Sunday, June 28, 2009

food from the heart

This belief seems so intrinsic to me that I hardly know what to write: love feeds us, and putting love into the preparation and cooking of our food nourishes us in a way that is greater than the nutrients of the ingredients.

Connecting with those around me I know others of like minds. Yet I am constantly surprised when observing others who dont have the same central belief: that we take on the essence of what we intake. Take in food prepared with love for a happy loving life. Take in food prepared in angst and without feeling to deliver the result of the same hurried and angry approach to the world.

This belief is one very good reason that I don't eat take away or prepared foods, and avoid those packaged foods on supermarket shelves. I like to cook from scratch and feed those close to me with not only the nutrients of the food, but to nourish them with love. A great honour, is always to be invited into someone else's home, to be allowed into their sanctuary, and to be honoured with the labour of their time and love in their cooking, and as their guest. I do very much like to eat in quality establishments, restuarants where quality produce is chosen, where food is treated with reverence, and crafted in a way that is not possible at home in my day to day cooking.

Food should be treated with respect, in not only preparation and cooking but also in the eating. This means stopping other tasks, taking time to sit with family and friends, and to eat slowly, deliberately, with recognition of the purpose.

I shake my head in dismay when I see people eating as they walk down the street, on transport, while doing other tasks, and all the time their bodies are not recognising that they are accepting food. So many challenges arise from this approach: a trilogy of health, emotional and spiritual issues.

Smell. Look. Taste. Savour. Enjoy.


  1. Ah the body mind and spirit - three of my favourite things all rolled up and dipped in dark chocolate :) Lovely post. On an off day my food never tastes as good. In fact I make it a rule to avoid cooking at any cost if I feel angry.

    But sometimes you can have take-away food cooked with love. Until recently we had a lovely Chinese family running a little noodle shop up the road. Everything was freshly cooked, no MSG, cooked before you in one wok. I'd talk with the mother about food sometimes and if the shop was quiet she'd grab me unfamiliar ingredients to taste from the kitchen or share her simple recipes of the food she cooked for her family. I miss them! That food was cooked with love too.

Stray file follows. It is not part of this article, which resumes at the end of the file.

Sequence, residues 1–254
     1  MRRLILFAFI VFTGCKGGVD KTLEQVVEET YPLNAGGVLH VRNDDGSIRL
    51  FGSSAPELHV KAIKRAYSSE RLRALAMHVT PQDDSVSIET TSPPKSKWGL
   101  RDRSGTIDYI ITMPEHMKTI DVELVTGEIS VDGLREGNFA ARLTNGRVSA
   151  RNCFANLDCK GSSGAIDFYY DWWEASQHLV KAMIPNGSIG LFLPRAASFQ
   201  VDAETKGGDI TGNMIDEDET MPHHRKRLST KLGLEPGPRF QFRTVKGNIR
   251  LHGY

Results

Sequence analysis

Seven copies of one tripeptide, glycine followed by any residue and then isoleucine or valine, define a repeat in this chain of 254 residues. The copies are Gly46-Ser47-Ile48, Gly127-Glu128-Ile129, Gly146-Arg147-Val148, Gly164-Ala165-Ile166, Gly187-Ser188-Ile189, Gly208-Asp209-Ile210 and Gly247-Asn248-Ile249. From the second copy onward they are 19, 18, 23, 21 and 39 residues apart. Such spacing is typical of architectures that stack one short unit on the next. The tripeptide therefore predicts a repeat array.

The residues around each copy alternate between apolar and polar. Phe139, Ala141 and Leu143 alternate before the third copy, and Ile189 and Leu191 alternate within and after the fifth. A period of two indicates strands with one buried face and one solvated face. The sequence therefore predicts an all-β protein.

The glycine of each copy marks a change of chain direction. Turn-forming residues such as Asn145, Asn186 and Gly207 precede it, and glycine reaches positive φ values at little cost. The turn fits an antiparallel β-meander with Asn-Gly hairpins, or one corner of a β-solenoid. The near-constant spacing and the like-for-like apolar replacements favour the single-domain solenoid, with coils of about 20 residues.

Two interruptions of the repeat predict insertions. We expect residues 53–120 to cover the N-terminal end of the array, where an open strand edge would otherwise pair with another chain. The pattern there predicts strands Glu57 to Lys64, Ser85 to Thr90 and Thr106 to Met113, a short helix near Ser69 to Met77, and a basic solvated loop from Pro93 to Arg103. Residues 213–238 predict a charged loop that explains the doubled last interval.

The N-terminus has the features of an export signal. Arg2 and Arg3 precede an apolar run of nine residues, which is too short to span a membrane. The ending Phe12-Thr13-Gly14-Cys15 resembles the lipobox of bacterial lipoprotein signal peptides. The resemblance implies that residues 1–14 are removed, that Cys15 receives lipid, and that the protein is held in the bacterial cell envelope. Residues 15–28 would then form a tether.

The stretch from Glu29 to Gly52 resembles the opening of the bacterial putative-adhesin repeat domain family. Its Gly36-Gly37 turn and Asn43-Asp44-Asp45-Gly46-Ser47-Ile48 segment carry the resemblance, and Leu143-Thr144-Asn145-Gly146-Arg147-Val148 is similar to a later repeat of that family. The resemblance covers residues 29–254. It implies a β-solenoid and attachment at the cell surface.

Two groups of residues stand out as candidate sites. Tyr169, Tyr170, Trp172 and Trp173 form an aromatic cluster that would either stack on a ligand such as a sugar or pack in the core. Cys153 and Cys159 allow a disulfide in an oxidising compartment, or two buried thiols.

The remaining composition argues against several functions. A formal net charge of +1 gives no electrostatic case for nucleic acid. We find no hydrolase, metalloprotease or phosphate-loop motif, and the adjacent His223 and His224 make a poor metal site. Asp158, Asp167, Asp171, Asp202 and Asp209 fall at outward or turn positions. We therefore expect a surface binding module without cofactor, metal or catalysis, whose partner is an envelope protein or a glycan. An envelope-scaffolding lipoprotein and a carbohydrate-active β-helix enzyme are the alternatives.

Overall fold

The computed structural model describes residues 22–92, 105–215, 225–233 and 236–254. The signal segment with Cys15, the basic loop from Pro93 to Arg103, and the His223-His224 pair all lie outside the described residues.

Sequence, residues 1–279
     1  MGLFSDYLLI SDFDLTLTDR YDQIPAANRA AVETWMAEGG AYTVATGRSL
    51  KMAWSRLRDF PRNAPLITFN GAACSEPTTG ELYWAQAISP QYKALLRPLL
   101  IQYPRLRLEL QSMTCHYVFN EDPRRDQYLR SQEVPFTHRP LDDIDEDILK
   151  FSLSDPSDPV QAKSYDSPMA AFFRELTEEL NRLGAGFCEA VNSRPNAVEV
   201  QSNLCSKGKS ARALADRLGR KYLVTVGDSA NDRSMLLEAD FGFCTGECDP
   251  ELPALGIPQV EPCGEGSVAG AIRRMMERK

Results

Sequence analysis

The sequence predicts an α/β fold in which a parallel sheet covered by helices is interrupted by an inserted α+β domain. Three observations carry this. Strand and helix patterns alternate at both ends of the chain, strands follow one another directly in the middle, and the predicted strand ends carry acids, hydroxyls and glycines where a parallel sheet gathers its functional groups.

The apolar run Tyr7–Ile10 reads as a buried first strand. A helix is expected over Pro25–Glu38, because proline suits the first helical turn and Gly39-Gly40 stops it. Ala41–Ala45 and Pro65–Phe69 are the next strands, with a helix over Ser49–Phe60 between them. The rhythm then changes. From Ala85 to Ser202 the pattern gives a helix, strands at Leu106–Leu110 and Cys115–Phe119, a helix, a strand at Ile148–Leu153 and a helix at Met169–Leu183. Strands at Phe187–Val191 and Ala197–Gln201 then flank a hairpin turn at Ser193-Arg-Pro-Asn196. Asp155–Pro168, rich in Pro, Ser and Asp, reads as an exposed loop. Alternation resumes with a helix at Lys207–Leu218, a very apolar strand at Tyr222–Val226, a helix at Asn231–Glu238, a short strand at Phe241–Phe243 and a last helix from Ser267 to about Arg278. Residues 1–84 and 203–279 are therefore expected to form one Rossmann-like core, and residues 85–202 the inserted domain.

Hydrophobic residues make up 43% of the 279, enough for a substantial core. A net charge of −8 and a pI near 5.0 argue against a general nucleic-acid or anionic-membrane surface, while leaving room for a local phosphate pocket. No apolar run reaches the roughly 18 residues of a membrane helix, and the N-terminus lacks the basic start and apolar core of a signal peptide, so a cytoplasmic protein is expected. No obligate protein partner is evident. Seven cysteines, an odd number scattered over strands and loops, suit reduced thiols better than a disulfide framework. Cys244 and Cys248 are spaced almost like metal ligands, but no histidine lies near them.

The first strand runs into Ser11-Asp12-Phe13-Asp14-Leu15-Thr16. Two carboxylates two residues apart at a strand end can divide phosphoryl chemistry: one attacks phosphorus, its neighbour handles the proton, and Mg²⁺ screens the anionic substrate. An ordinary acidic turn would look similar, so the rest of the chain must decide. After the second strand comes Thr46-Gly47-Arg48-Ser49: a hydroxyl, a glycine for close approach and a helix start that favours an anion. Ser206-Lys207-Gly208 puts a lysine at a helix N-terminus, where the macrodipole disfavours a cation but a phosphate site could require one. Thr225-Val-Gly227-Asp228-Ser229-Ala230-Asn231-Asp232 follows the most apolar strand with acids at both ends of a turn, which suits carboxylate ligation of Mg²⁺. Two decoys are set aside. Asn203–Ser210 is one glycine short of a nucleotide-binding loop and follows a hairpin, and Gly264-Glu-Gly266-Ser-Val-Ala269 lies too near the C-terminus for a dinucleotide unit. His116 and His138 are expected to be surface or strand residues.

2. I work in the food industry and this week I've been interviewing prospective employees for a food shop. One thing that came to me during these interviews was that people who seem to care about food all have one thing in common: they all grew up eating food that their parents cooked from scratch. While it might seem that I'm agreeing with you, I'm not and I'll tell you why.
    Food is there to be eaten, it's fuel, it keeps us alive. Those people who I interviewed this week look at good food as being the starting position, not some kind of spiritual position.
    We're not French, Italian or Thai, we don't have the same culture and no amount of middle class hand wringing will make it so. What infuriates me about uk food blogging is the assumption that if only everyone shopped at waitrose and borough market we'dd all be ok. Take a look around Glasgow or plymouth some time.

    Recently I read a post by bellaphon in which he alluded to reading the socialist worker in a booth at a fancy steak joint. Bellaphon as far as I can assertain has been to private school and owns a four thousand pound camera, hardly the voice of the proletariat. This kind of posturing makes me want to spit nails.

    I believe very strongly that the UK food writing 'scene' needs a rocket up its arse. There is a huge discrepancy, for example, between cookery book sales and the amount of time people actually spend cooking.

    Your quote above beginning 'this belief' and ending 'supermarket shelves' is narcissistic in the extreme. Good for you Becca. This simply isn't an option for most people. Don't you dare say: 'oh but it could be if only they...' what gives you the right to patronise anyone? And oh how lucky you are that you can eat in 'quality restaurants'

    I count myself lucky, very lucky when I eat at 'cafe anglais' on my Birthday. I strongly suggest you go back and re-read your post and try and imagine that you live on a council estate with your 2 children 3 and 6, you do some part time work as a hairdresser, you would no sooner read 'the observer food monthly' than put your head in a gas oven, you don't drive and the nearest supermarket is an Iceland. Sushi is not on your lunchtime menu is it?